Russ Branzell, CIO and vice president of information systems at 427-bed Poudre Valley Health System, in Fort Collins, Colo., says his organization, which has 500 mobile computing carts in use, has learned from experience to focus on adjustability of a cart's design - everything from the ability of the carts to move up and down laterally to hand position and screen position.

“We put one cart in our emergency department, where one doc was 4-foot 11 inches and one was 6 foot 10 inches, he recalls. “Not everybody's 5 foot 8 inches and has the same arm length and likes to look at the screen in the same way,” Branzell says. For ergonomic reasons, Poudre Valley also has learned to study how users push the carts and whether any carts had a tendency to tip over. “We didn't know any of that when we bought the carts five years ago,” Branzell says.

He suggests allowing users to experiment with lots of different models and possibly supporting several models depending on the task. “You might want a heavier device where very little movement is involved,” Branzell says. “In cases where they'Re moving from floor to floor, you'll need lighter carts.”

An Ergonomics Checklist

In 2004 Professor Alan Hedge, director of the Human Factors and Ergonomics Laboratory at Cornell University in Ithaca, N.Y., was working with an occupational therapist at two-hospital Finger Lakes Health in upstate New York. He noticed that the size and maneuverability issues related to computing carts were causing some nurses not to use them. “Some of the designs were pretty awful,” he recalls. That experience gave Hedge the idea of creating an ergonomics checklist for mobile computing carts. (http://ergo.human.cornell.edu/Pub/AHquest/CUCompCartEval.pdf.) “Because hospitals are not just ordering one or two of these, but sometimes hundreds,” he says, “we thought it would be useful to develop this checklist to help hospitals make sensible choices.”

After interviewing nursing executives and hospital ergonomists and studying the offerings from the major vendors, Hedge focused the checklist on the major issues that might involve the risk of injury due to poor posture or the need to apply too much force or if the cart is difficult to maneuver. Other issues to consider include whether the computer is located at a comfortable and adjustable height, and how easy it is to use the keypad or mouse.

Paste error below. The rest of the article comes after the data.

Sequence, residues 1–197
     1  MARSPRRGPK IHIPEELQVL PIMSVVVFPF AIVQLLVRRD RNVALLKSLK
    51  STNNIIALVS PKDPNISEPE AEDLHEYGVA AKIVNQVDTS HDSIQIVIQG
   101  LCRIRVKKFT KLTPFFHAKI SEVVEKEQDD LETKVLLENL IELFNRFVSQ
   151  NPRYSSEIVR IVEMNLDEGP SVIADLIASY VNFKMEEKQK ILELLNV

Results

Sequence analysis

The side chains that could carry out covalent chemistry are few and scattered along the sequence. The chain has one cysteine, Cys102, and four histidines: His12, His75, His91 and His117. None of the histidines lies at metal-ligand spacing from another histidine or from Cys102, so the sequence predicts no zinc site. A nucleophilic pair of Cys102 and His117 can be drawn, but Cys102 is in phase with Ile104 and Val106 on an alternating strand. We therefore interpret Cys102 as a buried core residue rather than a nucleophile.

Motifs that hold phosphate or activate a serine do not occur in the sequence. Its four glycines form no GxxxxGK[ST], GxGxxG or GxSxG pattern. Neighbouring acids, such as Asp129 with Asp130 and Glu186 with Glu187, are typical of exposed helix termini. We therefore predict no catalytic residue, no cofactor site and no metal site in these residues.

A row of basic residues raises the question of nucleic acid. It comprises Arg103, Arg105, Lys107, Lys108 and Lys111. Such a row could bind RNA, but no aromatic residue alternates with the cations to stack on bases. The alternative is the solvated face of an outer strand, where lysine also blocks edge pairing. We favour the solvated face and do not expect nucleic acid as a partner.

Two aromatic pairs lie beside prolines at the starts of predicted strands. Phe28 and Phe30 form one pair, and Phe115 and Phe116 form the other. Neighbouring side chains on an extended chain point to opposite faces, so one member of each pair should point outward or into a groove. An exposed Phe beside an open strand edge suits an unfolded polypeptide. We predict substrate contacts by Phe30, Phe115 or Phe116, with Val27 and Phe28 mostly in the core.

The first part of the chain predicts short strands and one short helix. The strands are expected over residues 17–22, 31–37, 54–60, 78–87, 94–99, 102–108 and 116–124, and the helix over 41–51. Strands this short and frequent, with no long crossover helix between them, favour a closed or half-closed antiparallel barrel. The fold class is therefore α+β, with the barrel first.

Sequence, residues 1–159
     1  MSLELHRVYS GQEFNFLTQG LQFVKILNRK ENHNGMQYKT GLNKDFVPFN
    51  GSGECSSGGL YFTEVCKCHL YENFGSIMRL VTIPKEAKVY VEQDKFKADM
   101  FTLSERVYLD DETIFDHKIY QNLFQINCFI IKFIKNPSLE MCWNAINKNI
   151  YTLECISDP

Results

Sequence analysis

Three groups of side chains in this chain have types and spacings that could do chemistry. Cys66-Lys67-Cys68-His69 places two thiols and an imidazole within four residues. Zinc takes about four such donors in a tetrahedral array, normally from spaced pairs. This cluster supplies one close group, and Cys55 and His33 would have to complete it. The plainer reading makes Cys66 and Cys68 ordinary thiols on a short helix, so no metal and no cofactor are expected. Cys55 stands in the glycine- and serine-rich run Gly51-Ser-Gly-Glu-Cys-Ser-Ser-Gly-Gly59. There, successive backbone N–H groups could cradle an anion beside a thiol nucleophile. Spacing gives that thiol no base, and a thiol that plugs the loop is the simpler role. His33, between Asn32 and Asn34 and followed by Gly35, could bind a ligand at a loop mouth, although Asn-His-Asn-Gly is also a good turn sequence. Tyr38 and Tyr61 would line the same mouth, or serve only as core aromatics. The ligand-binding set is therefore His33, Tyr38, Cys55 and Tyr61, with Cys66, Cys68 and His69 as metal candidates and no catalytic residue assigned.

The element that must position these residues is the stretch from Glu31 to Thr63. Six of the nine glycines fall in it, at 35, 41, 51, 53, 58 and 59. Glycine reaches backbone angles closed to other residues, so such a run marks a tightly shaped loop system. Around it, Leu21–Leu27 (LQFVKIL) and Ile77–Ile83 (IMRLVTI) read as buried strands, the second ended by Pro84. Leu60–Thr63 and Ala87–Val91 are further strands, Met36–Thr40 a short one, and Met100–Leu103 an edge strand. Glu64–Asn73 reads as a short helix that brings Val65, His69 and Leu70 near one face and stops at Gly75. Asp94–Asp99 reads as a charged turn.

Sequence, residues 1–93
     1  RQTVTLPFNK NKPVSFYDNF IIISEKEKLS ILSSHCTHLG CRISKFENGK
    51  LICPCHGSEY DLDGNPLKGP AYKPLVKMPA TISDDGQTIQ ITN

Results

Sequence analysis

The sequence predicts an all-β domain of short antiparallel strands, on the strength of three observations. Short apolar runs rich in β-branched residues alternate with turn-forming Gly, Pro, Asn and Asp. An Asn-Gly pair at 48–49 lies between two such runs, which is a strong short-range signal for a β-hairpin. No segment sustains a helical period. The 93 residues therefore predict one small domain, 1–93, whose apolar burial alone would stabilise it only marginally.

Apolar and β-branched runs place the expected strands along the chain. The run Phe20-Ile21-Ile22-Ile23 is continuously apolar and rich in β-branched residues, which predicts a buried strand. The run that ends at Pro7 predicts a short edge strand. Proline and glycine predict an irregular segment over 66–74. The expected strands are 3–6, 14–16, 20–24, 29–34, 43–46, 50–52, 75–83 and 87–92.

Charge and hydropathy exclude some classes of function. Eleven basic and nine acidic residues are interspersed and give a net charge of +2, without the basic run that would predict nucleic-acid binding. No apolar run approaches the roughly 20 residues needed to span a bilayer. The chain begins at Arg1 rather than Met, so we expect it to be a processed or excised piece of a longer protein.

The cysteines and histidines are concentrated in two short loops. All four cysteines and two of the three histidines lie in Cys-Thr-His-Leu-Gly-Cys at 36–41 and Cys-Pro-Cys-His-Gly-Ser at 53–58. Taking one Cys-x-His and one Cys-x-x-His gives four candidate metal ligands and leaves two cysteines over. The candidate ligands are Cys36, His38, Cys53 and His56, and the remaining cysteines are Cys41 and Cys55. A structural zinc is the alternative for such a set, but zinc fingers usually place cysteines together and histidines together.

The pushing and pulling is critical from an injury perspective, but so is what they are doing with the cart, he says. “You have to look at poor positioning of the screen and keyboard and the impact it can have on wrists and necks if they are at inappropriate angles.

One organization that has taken advantage of the Cornell checklist is the Occupational and Environmental Safety Office at Duke University and Health System, Durham, N.C. “We have had a number of issues with mobile carts in our hospitals,” says Tamara James, ergonomics director. The Duke system's three hospitals have several hundred carts in use, she says.

Nurses typically leave the carts out in the hallways when they enter patients’ rooms. “But that requires them to keep information in their heads as they go back and forth, which leaves open the potential for error,” she adds. “There is no great solution.”

Duke has tried some built-in alcoves with fold-down workstations in hallways, and has just started implementing some adjustable wall-mounted computers that are installed in the hallway and actually swing into the room on a long arm. “We like that it is so adjustable and flexible,” she says.

IT leaders grappling with these issues quickly recognize that they are just one part of an informatics team trying to solve a workflow issue. Or as Cornell's Hedge puts it, ergonomics “is not just the technology, it's where you put it.”

Healthcare Informatics 2010 July;27(7):34-35